The original tank fittings had the discharge line leave the tank at the bottom of the tank at the aft end and the intake line at the top of the forward tank wall. Both fittings were 1.5 inch male to hose fittings that unscrewed from the tank. Standard 1.5-inch PVC plugs were screwed into the tank fittings to seal the holes. Because of the short thread depth on the tank it is important to not over tighten the plugs or the plugs will leak. Place a couple of wraps of Teflon pipe tape on the threads and screw in finger tight, then turn the plug about a quarter turn with a pipe wrench and stop.

Next locate the intake fitting. The location is not particularly critical; it should allow for a downhill run from the Y-valve and be in an accessible place. Use an appropriately sized hole saw to make the hole. (Use the recommended size provided by Aussieglobe.com.) It is best to use a new sharp hole saw. Dull saws may overheat and cause the plastic to melt. Use a piece of 150 grit sand paper clean up the edges of the hole so that they are smooth, without jagged edges or burrs. The Uniseal will pop right into the hole.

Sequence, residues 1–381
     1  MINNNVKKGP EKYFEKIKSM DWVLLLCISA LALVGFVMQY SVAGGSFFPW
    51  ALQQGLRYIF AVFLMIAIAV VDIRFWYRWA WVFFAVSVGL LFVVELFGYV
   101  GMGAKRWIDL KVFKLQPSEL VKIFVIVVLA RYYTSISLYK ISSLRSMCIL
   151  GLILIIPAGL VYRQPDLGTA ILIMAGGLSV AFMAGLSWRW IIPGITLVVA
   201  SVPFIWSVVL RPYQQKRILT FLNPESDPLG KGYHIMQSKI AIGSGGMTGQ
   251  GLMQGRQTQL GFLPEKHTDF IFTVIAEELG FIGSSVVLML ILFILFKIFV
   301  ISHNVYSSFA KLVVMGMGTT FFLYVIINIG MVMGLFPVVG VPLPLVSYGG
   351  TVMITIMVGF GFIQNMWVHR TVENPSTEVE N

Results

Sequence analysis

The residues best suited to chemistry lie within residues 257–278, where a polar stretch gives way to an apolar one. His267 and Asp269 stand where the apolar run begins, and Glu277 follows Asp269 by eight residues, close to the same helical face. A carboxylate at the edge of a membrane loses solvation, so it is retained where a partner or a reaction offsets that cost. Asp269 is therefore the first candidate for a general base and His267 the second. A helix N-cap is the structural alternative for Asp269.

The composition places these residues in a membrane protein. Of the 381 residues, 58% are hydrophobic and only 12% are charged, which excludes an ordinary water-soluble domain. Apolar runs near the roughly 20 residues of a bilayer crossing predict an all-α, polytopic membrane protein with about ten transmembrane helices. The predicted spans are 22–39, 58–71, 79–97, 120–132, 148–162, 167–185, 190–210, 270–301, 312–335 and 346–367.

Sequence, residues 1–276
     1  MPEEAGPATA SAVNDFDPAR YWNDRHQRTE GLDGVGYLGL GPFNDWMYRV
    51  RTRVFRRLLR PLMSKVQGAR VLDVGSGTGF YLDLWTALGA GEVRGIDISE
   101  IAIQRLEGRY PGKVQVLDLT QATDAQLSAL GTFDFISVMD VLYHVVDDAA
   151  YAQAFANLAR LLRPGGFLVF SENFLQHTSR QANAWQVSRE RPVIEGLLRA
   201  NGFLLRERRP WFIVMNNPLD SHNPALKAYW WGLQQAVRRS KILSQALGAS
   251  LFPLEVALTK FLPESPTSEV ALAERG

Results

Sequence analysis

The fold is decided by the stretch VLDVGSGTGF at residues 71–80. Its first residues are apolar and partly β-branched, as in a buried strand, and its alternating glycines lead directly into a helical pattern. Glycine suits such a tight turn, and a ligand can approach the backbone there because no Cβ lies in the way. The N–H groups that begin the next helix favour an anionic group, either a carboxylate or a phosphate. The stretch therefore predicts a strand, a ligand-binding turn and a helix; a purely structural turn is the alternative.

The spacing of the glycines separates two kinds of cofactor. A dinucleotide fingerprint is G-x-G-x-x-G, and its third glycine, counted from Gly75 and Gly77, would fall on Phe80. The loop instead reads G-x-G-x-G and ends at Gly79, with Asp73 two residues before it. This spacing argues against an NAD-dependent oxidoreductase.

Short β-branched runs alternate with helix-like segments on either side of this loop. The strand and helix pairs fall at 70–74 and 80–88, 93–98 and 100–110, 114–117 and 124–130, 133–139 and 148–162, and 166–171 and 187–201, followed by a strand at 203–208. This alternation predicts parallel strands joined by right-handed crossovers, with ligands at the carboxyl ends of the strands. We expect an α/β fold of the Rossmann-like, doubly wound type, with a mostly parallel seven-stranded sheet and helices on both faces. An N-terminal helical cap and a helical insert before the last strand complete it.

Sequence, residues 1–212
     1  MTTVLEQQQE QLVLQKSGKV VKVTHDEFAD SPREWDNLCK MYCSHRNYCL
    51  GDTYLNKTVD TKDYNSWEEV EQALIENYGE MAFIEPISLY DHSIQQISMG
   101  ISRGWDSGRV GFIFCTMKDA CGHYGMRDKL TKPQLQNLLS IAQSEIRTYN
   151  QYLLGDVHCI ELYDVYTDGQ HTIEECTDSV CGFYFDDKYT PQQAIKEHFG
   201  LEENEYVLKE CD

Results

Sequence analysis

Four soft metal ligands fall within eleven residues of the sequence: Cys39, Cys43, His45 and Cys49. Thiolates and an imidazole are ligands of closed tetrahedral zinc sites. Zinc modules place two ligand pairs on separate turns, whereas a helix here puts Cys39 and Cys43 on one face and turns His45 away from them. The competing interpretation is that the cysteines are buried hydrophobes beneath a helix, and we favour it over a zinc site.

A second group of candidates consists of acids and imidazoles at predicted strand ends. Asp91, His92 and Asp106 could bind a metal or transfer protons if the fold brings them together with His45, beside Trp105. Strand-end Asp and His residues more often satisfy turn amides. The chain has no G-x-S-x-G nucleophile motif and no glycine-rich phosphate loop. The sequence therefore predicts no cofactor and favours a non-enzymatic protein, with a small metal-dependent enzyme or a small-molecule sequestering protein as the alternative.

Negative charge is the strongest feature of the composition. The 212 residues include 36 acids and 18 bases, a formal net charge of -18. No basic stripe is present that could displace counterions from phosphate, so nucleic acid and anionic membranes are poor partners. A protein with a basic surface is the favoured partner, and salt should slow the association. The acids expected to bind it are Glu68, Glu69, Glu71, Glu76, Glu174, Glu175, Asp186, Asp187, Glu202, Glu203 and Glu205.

The fittings consist of three parts, a 1.5 inch male by hose barb fitting (Available from Defender), a 1.5 inch female by slip PVC elbow (available at hardware stores), and a section of PVC pipe. Screw the hose fitting into the elbow after wrapping the threads with Teflon tape and glue the elbow on the section of pipe. The length of the pipe on the intake fitting is not critical; it only needs to protrude through the fitting by an inch or two. I used a 5-inch piece. Lubricate the pipe with regular dishwashing soap and insert the pipe through the Uniseal. The pipe will slip easily through the seal and once the soap dries it will be difficult to move, so be certain to properly align the elbow. Finally attach the hose with double clamps.

Moving the discharge hose from the bottom of the tank to the top requires installation of a standpipe. Greater care must be taken with locating the standpipe than the intake hose. In order to be effective, it must be located directly over the lowest spot of the tank and reach the bottom of the tank.